Refinancing

What you need to know about home equity

Nathan Gooley
Dec 19, 2020

Table of Contents

If you own your own home, you’ve no doubt thought about the benefits that come with being in the property market. You may have even considered accessing the equity in your home to do renovations, consolidate your debts or even to purchase an investment property.

Get a better understanding of what equity is, how it works and how you can access it so that you can make smarter decisions about your financial future.

What is home equity?

Home equity is the difference between the current market value of your property and the remaining sum of your home loan. If you've had your home loan for some time you are likely to have built up a reasonable amount of home equity through your mortgage repayments. 

To put it simply:

The current market value of your home - Your current home loan balance = Your home equity.

This would be the total equity you have built up in your home, but this may not reflect the usable equity you have access to.

How is home equity calculated?

The total equity in your home is one thing, but a lender won’t typically let you access all of this equity. You’ll only be able to access a portion or percentage of your total equity. Lenders calculate this to help lower the risk of you accessing your equity and then defaulting on your loan. A lender may allow you to access more if you are willing to pay lenders mortgage insurance (LMI).

The equity you have access to is calculated by:

Work out 80% of the current market value of your property - Your current home loan balance = Equity lenders will let you access without paying LMI.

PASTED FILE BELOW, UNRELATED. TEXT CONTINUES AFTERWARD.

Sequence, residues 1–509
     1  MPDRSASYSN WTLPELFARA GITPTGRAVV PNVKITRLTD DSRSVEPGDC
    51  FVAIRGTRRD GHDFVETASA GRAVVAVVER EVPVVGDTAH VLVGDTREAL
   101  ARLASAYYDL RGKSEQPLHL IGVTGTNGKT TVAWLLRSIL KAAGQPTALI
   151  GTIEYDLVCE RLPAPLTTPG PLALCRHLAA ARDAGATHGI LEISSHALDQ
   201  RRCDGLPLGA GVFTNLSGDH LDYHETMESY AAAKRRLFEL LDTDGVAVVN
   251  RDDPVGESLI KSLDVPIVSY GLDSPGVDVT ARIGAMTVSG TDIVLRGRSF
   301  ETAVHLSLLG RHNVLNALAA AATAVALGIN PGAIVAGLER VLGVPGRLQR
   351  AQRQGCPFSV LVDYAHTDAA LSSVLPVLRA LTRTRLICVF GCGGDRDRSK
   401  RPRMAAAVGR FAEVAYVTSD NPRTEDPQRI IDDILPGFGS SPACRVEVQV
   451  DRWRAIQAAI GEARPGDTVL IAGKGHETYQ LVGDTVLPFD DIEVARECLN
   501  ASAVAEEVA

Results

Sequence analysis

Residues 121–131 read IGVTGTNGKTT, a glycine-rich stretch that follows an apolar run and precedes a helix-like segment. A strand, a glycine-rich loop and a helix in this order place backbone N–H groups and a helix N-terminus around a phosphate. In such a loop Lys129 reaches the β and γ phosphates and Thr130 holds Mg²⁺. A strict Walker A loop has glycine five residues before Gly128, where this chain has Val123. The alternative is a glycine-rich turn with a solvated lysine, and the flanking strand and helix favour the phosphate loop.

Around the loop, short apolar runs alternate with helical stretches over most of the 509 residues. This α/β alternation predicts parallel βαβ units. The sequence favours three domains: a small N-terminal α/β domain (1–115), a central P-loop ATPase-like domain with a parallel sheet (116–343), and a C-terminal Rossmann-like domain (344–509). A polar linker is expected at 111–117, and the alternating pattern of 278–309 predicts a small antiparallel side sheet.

As an example, say your property is worth $500,000 and your remaining home loan is $350,000. Your lender will take your property’s value ($500,000), work out 80% of this value ($400,000) and subtract the remaining balance of your home loan ($350,000). This calculation will offer a usable equity amount of $50,000.

How can you build equity in your home?

Now you have a better understanding of what home equity is, you'll want to work on how you can build equity in your home. There are a few simple actions you can take to build up equity in your home. These include:

  • Doing renovations. Renovating your home by upgrading your bathroom or kitchen or adding a deck will help increase the value of your property and therefore build equity.
  • Increase your home loan repayments. Making additional or larger repayments means you’ll be repaying more of the principal of your home loan and therefore building equity in your home.
  • Use an offset account. An offset account provides you with a sub-account to your home loan that works like a transactional account. The benefit of an offset account is that you can reduce your interest amount. Your loan principal gets reduced by the amount of money you hold in your offset account. By paying off more principal each month, you’ll build equity in your home.